Welcome to the October 15 top secret, always confidential (and this week, abbreviated) version of our Monday Business Briefing.
This is a condensed version of our (usually way too long) briefing because candidly, the cast and crew of Insider Louisville spent too much time last week putting together our New Establishment special report, which we will post later today.
Anyway, these are biz tips Insider Louisville staff and contributors have collected during the past few days, a few of which are NOT double-verified like Insider Louisville’s daily reporting.
But as always, this is information from insider sources with direct knowledge of events. Another week, another scoop.
This time, it’s a big one:
• Our sources are confirming the mystery health care system University of Louisville officials are negotiating with is – tah dah – Health Management Associates, a large, publicly traded system based in Naples, Fla. From what we’ve been able to piece together from our intel network, HMA is one of two firms – the other being Denver-based Catholic Health Initiative, of course – that U of L has been pursuing/negotiating with for nigh on seven months. U of L issued a request for proposal for a partner for the financially strapped University Hospital and University Medical Center all the way back in February. We called HMA execs in Florida, and to our amazement, they called us back. We gave them a chance to deny everything, saying we’d drop the line of inquiry. Instead, their incredibly cordial spokeswoman referred us to U of L for comment. U of L spokesman Gary Mans emailed back, “A partner for U of L and UMC has not been finalized. State procurement rules prohibit us from providing any details until the process has concluded.” Our insiders tell us they’re not seeing the grand plan in U of L partnering with HMA. Its only Kentucky presence is the Paul B. Hall Regional Medical Center and a few clinics in Paintsville, Ky. The Hall website states it’s partially owned by physicians. “Perhaps that is why the hospital has the highest charges in the state,” states one source. He added, “I have no idea why they would be interested in partnering with U of L. Or why U of L might be interested in them. They are of little value for teaching or referral of patients. If U of L goes with them it would only be for research money, in my opinion.” But that could be some serious money, and U of L needs it. HMA is a huge health care system, ranked at No. 423 in 2011 on the Fortune 500 list of largest U.S. companies, up from 435 in 2010. It is roughly the sixth largest health care firm in the United States with 70 hospitals and more than 10,000 beds in 15 states, mostly in the Southeastern United States. HMA also has 462 clinics and doctors offices. HMA reported more than $5 billion in net 2011 revenue. The company trades on the New York Stock Exchange under the symbol “HMA.”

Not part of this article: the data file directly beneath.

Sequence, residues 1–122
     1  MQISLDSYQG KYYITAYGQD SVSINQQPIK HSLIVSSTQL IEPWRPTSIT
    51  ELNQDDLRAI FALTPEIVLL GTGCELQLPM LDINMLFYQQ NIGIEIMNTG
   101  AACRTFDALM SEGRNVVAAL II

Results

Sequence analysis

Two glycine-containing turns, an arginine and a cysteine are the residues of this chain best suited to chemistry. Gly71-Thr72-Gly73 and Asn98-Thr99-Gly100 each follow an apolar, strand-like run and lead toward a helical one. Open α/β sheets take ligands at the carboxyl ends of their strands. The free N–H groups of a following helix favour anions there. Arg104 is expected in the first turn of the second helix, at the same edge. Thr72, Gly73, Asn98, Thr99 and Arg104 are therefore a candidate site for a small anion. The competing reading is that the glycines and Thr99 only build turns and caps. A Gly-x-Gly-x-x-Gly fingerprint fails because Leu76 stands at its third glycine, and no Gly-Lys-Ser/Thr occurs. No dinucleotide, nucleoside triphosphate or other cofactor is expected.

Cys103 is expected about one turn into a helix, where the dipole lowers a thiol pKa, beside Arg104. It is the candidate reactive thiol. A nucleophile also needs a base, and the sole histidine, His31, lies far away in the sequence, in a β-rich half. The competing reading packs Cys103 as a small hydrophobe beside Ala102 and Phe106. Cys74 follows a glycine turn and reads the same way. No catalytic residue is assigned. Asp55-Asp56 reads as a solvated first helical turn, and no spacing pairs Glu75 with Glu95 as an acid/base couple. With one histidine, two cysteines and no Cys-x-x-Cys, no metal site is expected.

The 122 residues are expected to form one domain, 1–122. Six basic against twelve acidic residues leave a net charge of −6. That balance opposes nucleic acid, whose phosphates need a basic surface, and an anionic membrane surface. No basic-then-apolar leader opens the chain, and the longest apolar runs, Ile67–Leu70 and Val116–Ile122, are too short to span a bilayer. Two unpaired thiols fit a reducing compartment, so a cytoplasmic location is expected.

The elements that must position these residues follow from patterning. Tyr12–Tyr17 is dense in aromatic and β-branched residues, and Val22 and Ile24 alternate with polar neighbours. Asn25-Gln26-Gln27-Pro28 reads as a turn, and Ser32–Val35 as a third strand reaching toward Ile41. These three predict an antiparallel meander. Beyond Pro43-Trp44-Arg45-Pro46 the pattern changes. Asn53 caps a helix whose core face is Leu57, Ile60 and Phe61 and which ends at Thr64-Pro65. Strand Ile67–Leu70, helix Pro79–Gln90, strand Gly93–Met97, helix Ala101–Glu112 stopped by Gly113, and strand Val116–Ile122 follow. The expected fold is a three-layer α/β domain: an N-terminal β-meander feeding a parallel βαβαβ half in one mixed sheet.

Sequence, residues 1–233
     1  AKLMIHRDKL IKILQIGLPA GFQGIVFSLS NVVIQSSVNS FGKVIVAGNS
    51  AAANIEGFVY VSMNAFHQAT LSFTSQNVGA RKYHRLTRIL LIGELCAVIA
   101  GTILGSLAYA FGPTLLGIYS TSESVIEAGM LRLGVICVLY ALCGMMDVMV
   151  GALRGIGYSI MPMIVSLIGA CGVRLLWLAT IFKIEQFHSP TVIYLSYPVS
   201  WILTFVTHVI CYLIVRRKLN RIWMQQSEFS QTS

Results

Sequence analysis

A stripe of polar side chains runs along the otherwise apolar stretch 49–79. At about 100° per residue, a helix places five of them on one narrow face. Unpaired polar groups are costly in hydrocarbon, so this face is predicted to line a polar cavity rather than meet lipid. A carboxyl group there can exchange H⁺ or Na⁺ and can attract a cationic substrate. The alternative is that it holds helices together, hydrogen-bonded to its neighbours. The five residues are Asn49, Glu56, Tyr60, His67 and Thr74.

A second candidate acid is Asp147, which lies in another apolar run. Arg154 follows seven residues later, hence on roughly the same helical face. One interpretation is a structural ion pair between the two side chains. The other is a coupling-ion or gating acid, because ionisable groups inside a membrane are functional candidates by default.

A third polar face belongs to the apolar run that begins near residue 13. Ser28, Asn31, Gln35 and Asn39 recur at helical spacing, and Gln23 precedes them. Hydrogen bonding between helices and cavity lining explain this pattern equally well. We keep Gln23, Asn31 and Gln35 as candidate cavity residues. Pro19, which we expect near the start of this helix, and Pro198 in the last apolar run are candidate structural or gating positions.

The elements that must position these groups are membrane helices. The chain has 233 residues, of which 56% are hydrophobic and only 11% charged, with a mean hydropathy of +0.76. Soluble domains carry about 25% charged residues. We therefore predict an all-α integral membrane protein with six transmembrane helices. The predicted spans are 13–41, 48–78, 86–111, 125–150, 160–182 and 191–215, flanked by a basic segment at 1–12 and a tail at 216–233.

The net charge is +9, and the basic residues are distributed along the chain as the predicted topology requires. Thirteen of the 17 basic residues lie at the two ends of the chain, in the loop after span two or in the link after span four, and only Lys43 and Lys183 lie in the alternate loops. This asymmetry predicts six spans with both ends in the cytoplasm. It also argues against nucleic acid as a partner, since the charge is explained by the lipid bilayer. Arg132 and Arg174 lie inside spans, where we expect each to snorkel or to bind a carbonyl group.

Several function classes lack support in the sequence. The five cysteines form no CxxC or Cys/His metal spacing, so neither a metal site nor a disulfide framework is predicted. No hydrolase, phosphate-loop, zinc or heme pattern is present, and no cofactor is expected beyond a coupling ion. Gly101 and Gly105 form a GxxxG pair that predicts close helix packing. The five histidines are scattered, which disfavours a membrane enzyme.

• Speaking of U of L, we understand officials there are down to four candidates for a new position, VP of Bioresearch. Our sources say U of L also is close to naming a replacement for Dr. Edward Halperin, who resigned last May as dean of the medical school to go to New York Medical College. Halperin’s departure – one of many – came just as University Medical Center was being completely reorganized, which university officials still refuse to talk about. Dr. Toni Ganzel took his place as interim. Will Ganzel get the permanent job?
• This is interesting. Since we broke the news Indianapolis-based Watermark Residential bought 17 acres of land for a new $27 million East End apartment complex, we’ve gotten a lot of feedback from sources who tell us the lack of decent apartments in Louisville is a major economic development challenge no one ever seems to talk about. Our real estate sources and relocation specialists here say there simply aren’t enough high-end apartments or executive homes for lease. If U of L or one of the hospital chains are trying to lure specialists here such as neurologists and pediatric cardiologists, which they are, the best candidates often turn down offers because there’s not sufficient suitable transitional housing on the way to buying our relatively inexpensive homes. Some of the better complexes, such as The Overlook at St. Thomas Apartments, are going for premium rents and run 98-percent occupancy rates. Top-end apartments and rental homes are fetching $3,500 per month, according to our sources, with lucky house hunters starting to find houses and condos for rent in Norton Commons. If they’re lucky. “It’s really hard to recruit when you can’t guarantee (a candidate) they won’t be cooling their heels for months in some complex off the Snyder Freeway.”
• Trucking magnate Charlie Johnson’s failed C.W. Johnson Xpress property is scheduled to go to the foreclosure court November 27. The amount to be recovered on the building at 1615 Maple St. is about $1 million. Johnson closed his trucking business back in the dark days of 2008. At the time, BB&T, the Winston-Salem, N.C.-based bank, sued Johnson, his company and other potential creditors of the company for $8.3 million that it says Johnson and/or the company owes on unpaid loans. Johnson said the bank would liquidate his assets, and apparently it’s taken until now to get to the building.